Thinking back to slipstream, I think one of the most common questions was, "when were you diagnosed?" Even on the paper that was stuck to the wall of all of our thoughts, input etc. Someone started a "When were you diagnosed?" poll.
I personally find it interesting to know when someone was diagnosed and I tend to ask the same question when I meet a diabetic. The age gap ranges from like three years of age to 40 - it's really amazing. It makes me realize despite all sharing the same disease - how diverse it truly can be.
For me, being diagnosed at age eighteen going on nineteen I felt that if there was ever a time to get type 1 diabetes it was a good time. I mean I was moving to London to live away from home and I was starting my first year of college, but hey! it was a fresh start to a whole new life.
At age eighteen I had experienced eighteen years of not ever having to poke myself or test my sugar. I never had to experience what it felt like being told you cannot have that or feeling like I was different from my peers. I can only imagine what a child must go through as a diabetic sitting at a kids birthday party (the mothers must be so nervous to approach the poor diabetic kid). I was never a 'diabetic kid' and I can only imagine the obstacles that a child faces when living with diabetes.
On Friday, Michelle asked me what would I rather, being diagnosed at eighteen or being diagnosed as a child? I wasn't sure if anyone had ever really asked me this directly; however, I had thought about it. Either it's all you have known your whole life or you got a little bit of a run at being 'normal' 'average' and then it was time to learn what it means to be diabetic.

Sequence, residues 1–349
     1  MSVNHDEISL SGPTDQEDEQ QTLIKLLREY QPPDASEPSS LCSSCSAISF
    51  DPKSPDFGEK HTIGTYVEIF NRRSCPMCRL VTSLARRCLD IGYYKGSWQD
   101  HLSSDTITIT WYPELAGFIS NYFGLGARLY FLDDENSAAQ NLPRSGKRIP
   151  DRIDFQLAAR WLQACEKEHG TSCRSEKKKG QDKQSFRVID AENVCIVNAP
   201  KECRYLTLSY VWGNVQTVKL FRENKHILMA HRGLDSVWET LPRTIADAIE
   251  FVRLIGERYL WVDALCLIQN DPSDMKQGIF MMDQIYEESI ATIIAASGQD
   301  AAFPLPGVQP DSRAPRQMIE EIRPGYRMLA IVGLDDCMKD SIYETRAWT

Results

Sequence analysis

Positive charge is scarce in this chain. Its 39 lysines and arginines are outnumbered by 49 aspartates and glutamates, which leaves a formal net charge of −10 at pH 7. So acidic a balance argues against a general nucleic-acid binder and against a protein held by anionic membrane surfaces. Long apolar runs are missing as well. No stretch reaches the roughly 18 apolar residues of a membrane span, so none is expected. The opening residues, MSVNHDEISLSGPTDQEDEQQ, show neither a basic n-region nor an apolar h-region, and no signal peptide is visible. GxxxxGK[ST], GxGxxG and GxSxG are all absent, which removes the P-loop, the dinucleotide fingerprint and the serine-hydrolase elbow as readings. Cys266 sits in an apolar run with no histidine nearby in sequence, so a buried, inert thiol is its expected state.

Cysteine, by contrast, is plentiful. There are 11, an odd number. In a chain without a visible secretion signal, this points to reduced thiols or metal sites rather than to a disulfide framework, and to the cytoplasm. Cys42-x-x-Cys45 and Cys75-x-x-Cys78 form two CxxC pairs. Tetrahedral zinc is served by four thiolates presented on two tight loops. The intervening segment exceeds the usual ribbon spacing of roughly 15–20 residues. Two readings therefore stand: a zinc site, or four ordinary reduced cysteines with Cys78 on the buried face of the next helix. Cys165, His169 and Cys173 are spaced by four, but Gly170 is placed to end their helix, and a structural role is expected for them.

I pretty much decided that I was okay with when I was diagnosed, but I wouldn't be to keen on being diagnosed at say, eleven to fourteen. It just seems like that is just a super inconvenient and fragile time to be diagnosed with the disease, but it happens and I know people it has happened to.
I continued this conversation with Mitch who was diagnosed at age four, completely different end of the spectrum. He really doesn't know any different and while I celebrated my two years at age twenty he celebrated his two years at age six. He more so spoke to the benefit of being diagnosed at this time rather than age. We now have better ways of managing diabetes, simpler, more convenient and less isolation happens. We have amazing support groups that are taking place on Facebook etc.
So, this made me think - for the potential diabetic whether that occurs at age four, eleven, eighteen or thirty-five...it's going to be a shock, a complete adjustment and there will be devastation and fear. However, with where we are in medicine and support, this isn't a bad time to be diagnosed because there is hope, treatment and the right to live a fun, active, inspirational life!